Global warming is set to heat up with temperatures rising to nearly twice targets set by the United Nations, the International Energy Agency warned on Tuesday.
This is despite pushes towards energy efficiency and a raft of international pledges to curb global warming, the IEA said.
Greenhouse gas emissions will rise by 20 percent by 2035, putting the world on track for a temperature increase of 3.6 degrees, far above the UN target of 2.0 degrees.
In the past, the IEA has said that the world temperature would shoot up by six degrees if all efforts to limit human-based emissions were abandoned.
The IEA's forecast of a 3.6-degree rise in global temperatures, came just as nations launched a new round of talks in Warsaw for a 2015 deal to cut Earth-warming greenhouse gas emissions.
The global energy sector is responsible for two-thirds of global greenhouse gas emissions and whatever trends emerge in the coming years will be pivotal to determining whether climate change commitments are met, the Paris-based International Energy Agency said.
But in its annual report on long-term trends in the sector, the agency said that the increase was to be expected despite a substantial rise in energy efficiency and usage of renewable energy.
The agency is the energy policy arm of the Organisation for Economic Cooperation and Development which advises 34 advanced democracies on policies.
The IEA praised recent initiatives in many of the world's biggest economies to curb carbon emissions, which all had the potential to effect change, it said.
But despite the best efforts, climate-changing energy consumption was still on a sharp rise.
In its long-term forecast, the agency said that global demand for oil would hit 101 million barrels per day, a rise of 14 mbd in less than a quarter of a century. This ocean of oil is the equivalent to about 16.1 billion litres of oil being burned every 24 hours.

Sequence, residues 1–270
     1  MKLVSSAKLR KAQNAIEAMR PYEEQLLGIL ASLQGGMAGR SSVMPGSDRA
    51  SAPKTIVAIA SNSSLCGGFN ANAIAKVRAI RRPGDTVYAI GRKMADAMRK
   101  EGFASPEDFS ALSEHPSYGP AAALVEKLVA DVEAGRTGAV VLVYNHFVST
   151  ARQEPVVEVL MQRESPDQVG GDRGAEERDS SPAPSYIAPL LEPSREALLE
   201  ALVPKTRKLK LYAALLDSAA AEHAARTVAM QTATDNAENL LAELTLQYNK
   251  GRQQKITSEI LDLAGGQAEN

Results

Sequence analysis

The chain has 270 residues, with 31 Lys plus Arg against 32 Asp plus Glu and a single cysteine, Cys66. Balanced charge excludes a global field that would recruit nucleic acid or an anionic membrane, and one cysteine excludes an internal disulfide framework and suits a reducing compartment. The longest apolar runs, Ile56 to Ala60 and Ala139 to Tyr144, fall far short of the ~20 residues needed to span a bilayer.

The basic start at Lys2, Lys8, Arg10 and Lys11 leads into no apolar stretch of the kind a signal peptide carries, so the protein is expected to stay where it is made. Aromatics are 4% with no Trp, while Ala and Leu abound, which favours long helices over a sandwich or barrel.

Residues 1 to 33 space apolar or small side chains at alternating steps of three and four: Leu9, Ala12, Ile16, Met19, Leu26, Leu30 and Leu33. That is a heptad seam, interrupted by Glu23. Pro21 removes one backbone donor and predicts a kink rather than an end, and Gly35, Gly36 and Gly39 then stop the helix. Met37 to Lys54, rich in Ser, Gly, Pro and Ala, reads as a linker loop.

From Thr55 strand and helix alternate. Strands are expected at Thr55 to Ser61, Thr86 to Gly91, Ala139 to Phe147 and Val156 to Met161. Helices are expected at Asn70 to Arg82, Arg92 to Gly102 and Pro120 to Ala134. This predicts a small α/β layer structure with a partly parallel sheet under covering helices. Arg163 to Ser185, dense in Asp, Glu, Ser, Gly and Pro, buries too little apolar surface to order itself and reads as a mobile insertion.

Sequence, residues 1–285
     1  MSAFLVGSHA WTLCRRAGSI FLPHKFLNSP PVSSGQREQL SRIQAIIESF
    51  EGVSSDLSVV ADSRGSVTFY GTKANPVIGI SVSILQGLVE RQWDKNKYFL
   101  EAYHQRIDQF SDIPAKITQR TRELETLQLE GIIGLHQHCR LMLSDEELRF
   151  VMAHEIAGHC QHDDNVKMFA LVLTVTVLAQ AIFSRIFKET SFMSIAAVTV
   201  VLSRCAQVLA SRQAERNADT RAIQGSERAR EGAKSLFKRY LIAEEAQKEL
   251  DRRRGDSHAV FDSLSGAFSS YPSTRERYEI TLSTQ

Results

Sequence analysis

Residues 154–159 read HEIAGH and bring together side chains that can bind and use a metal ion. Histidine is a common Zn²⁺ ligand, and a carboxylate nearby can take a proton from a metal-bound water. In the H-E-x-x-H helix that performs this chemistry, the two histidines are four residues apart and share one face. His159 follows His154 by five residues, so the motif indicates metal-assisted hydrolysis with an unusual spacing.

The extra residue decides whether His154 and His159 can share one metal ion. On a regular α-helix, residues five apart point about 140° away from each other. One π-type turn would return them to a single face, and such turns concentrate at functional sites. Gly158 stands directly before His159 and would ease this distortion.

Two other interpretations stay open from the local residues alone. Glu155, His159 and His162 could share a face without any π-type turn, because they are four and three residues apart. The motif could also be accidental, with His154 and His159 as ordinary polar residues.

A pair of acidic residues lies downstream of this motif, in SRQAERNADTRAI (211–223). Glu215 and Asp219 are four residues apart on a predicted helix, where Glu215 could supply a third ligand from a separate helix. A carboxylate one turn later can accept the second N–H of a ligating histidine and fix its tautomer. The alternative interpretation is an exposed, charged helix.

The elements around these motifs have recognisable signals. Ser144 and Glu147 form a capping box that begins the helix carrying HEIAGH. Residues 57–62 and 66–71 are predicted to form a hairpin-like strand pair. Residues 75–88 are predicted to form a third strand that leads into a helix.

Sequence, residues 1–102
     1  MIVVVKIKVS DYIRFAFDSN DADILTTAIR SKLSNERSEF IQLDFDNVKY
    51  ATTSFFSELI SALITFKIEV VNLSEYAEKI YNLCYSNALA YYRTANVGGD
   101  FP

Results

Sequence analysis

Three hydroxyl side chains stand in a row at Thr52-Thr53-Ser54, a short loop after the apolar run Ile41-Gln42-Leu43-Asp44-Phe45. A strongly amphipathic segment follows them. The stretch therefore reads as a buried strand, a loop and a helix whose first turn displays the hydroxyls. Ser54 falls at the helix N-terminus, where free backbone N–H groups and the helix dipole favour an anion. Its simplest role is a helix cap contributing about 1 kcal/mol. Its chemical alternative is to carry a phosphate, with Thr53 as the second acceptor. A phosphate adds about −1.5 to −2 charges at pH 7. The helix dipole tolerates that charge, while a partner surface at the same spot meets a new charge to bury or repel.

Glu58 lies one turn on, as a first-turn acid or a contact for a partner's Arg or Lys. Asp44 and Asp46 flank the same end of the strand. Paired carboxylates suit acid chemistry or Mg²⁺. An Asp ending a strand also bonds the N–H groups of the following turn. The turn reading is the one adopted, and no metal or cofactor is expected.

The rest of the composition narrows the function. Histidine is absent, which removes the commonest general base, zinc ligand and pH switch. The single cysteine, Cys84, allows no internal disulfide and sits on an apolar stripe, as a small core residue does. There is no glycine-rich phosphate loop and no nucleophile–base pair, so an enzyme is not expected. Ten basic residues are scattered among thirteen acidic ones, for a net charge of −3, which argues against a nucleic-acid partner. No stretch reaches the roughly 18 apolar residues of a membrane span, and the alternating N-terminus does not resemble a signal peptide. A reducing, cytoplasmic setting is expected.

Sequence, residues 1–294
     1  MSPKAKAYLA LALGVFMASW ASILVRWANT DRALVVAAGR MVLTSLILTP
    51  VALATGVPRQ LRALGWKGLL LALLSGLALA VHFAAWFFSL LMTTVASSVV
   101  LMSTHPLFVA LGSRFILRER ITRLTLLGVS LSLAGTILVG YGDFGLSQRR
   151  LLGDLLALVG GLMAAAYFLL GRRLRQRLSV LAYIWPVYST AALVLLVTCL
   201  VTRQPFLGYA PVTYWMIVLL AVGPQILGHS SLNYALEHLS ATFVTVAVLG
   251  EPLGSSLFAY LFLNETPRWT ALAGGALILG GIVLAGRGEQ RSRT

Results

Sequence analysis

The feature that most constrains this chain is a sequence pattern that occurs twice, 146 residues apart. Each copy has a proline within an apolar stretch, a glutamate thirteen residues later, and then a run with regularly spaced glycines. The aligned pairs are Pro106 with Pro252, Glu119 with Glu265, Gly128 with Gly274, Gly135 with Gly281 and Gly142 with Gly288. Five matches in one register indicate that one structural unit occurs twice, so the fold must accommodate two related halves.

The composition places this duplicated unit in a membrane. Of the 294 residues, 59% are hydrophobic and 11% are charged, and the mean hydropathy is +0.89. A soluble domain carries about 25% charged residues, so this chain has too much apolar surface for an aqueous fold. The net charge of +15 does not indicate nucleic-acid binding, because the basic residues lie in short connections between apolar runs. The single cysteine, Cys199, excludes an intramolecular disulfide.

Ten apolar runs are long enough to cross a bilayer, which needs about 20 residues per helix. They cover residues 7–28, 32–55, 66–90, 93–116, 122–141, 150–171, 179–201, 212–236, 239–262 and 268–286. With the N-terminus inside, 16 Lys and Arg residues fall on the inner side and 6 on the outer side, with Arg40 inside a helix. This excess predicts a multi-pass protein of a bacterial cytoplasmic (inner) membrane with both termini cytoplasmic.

The use of coal meanwhile, which is the worst performer when it comes to carbon emissions, will rise by 17 percent between now and 2035, primarily because the fossil fuel remains far cheaper than the cleaner but harder-to-ship natural gas.
Any prospect of reversing the continuing increase in the use of coal depended mostly on China, the world's biggest energy consumer, which burns as much coal every year as the rest of the world combined.
In the report, the IEA was sceptical about the benefits of stocking carbon, which had once been seen as a possible solution to the inexorable rise of greenhouse gases.
The IEA said the technology was unwieldy and too expensive, and that only one percent of energy producing plants would include it in 2035.
The use of nuclear energy will rise despite a recent slowdown, the IEA said, with demand being led by China, South Korea, India and Russia.
The one silver lining for those worried about climate change is renewable energy, especially electricity. The agency believes that by 2035, one third of electrical energy will be generated from renewable sources, led by solar and wind power.
With the economy still very much a priority for governments since the worst of the financial crisis, the IEA insisted tackling climate change did not necessarily mean sacrificing growth.
It repeated several suggestions on how countries can overhaul their energy sector to greener norms without destabilising the overall economy including embracing efficiency and scaling back fossil-fuel subsidies.
The UN has set a target of limiting global average warming to two degrees Celsius (3.6 degrees Fahrenheit) over pre-Industrial Revolution levels—at which scientists believe we can avoid the worst effects of climate change.
The talks and the IEA's gloomy foreact come just as the world comes to grips with the aftermath of the devastating typhoon in the Philippines with over 10,000 people feared dead.
Scientists say the frequency storms of such murderous power will only increase with the rise in the earth's temperature.
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